The Premier League are planning to bring in an enhanced VAR system which makes use of “limb-tracking technology” to dramatically increase the accuracy and speed with which referees make offside decisions.
Sportsmail has learned that Hawk-Eye, who developed goal-line technology as well as the review systems in cricket and tennis, are working on a sophisticated system using multiple cameras to give video assistants access to an “automated offside line” in real time.
The technology will track the back foot of every outfield player in each VAR game, providing a constant offside line for video referees to assess instantly, whenever a decision is deemed too close to be ruled on solely by the on-field officials.
The current system requires video referees to construct a new offside line across the pitch for every incident, which has led to lengthy delays that have infuriated fans. On the opening day of the season, VAR took several minutes to rule that Manchester City’s Raheem Sterling was marginally offside in the build-up to a Gabriel Jesus goal at West Ham.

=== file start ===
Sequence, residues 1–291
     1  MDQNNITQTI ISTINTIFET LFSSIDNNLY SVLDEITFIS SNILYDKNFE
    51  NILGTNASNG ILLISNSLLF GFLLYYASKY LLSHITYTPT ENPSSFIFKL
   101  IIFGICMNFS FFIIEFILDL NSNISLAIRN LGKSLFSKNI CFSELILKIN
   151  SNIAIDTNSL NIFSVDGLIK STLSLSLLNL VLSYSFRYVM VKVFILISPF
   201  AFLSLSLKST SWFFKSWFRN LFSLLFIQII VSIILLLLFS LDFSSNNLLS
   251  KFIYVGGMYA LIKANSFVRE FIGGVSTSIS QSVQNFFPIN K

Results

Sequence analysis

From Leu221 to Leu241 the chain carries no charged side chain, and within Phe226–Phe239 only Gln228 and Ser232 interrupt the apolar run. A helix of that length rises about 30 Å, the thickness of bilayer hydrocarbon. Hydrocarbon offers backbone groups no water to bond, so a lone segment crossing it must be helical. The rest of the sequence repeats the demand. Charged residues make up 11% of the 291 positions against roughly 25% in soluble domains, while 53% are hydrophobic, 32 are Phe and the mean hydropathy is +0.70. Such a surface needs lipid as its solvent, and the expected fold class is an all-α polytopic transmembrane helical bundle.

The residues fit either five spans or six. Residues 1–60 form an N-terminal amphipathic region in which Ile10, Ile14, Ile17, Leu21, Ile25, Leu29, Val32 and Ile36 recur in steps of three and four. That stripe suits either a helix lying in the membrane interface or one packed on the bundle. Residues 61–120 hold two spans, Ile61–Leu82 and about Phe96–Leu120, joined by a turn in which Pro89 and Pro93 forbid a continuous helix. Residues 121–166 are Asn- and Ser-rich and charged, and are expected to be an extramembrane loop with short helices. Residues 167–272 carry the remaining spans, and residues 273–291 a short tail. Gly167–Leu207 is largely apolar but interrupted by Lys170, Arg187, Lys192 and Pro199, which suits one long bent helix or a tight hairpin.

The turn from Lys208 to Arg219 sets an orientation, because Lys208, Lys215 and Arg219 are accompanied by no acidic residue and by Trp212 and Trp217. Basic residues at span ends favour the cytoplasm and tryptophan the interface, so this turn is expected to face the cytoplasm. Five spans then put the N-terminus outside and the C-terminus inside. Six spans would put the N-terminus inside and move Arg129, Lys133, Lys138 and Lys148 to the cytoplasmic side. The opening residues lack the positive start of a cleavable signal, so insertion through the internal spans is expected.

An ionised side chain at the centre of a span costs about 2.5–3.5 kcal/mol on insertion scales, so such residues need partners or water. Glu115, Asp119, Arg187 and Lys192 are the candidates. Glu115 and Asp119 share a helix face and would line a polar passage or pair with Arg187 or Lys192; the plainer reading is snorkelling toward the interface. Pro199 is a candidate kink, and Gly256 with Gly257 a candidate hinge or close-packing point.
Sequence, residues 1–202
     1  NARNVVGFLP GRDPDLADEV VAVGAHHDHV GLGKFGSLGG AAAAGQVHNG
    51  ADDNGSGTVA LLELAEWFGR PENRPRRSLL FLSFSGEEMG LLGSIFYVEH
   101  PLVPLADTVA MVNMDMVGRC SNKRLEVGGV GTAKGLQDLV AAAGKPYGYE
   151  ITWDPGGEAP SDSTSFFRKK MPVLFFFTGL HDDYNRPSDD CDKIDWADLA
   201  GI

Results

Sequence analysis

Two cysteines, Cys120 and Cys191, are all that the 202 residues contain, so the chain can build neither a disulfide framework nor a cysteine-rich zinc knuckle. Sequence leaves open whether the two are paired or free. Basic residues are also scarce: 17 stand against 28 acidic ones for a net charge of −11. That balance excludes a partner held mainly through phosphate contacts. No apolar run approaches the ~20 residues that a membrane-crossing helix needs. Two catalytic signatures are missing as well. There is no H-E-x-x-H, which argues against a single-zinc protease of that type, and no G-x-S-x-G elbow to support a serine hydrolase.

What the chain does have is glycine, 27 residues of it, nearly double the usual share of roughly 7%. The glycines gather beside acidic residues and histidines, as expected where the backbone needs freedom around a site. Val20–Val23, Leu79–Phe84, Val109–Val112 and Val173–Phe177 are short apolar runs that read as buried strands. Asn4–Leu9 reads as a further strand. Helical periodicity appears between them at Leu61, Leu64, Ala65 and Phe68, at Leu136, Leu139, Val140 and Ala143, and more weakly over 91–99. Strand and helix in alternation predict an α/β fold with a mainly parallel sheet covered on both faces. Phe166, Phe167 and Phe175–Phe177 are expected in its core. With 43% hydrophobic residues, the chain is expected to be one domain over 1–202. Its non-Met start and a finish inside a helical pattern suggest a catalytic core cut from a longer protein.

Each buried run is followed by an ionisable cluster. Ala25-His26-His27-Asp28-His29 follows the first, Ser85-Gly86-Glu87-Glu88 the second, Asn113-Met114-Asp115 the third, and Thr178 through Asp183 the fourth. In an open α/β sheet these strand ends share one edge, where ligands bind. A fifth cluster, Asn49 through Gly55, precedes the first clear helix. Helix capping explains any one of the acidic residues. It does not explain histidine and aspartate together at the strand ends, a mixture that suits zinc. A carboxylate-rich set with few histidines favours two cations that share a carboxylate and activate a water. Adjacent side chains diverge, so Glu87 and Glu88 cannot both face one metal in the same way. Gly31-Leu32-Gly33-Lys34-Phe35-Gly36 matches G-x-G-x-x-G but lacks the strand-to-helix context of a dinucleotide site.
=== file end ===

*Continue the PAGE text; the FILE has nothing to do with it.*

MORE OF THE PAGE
And Pierre-Emerick Aubameyang’s equaliser in Arsenal’s 1-1 draw at Manchester United last month also took a long time to be confirmed by VAR. The Gabon striker had been incorrectly judged offside by assistant referee Scott Ledger. A total of 26 decisions have been overturned by VAR in 100 Premier League games this season, although the new technology will only apply to offside calls.
Referees’ chief Mike Riley is being kept informed about advances in the new technology with a view to introducing it to the Premier League, although it is unclear whether it will be brought in mid-season. The 17 Select Group One referees are due to meet the Premier League on Thursday, as revealed by Sportsmail, for a progress report on how VAR has been used this season.
The summit comes amid calls for referees to make greater use of the technology available, particularly pitch-side monitors.
The limb-tracking technology could have further practical benefits for clubs, because it will generate more data about player movements during matches than is produced by the GPS systems they wear.
In addition to the data already available, the new system will offer a full skeletal model of every player’s movements, giving a much greater insight to facilitate studies into gait analysis and biomechanics.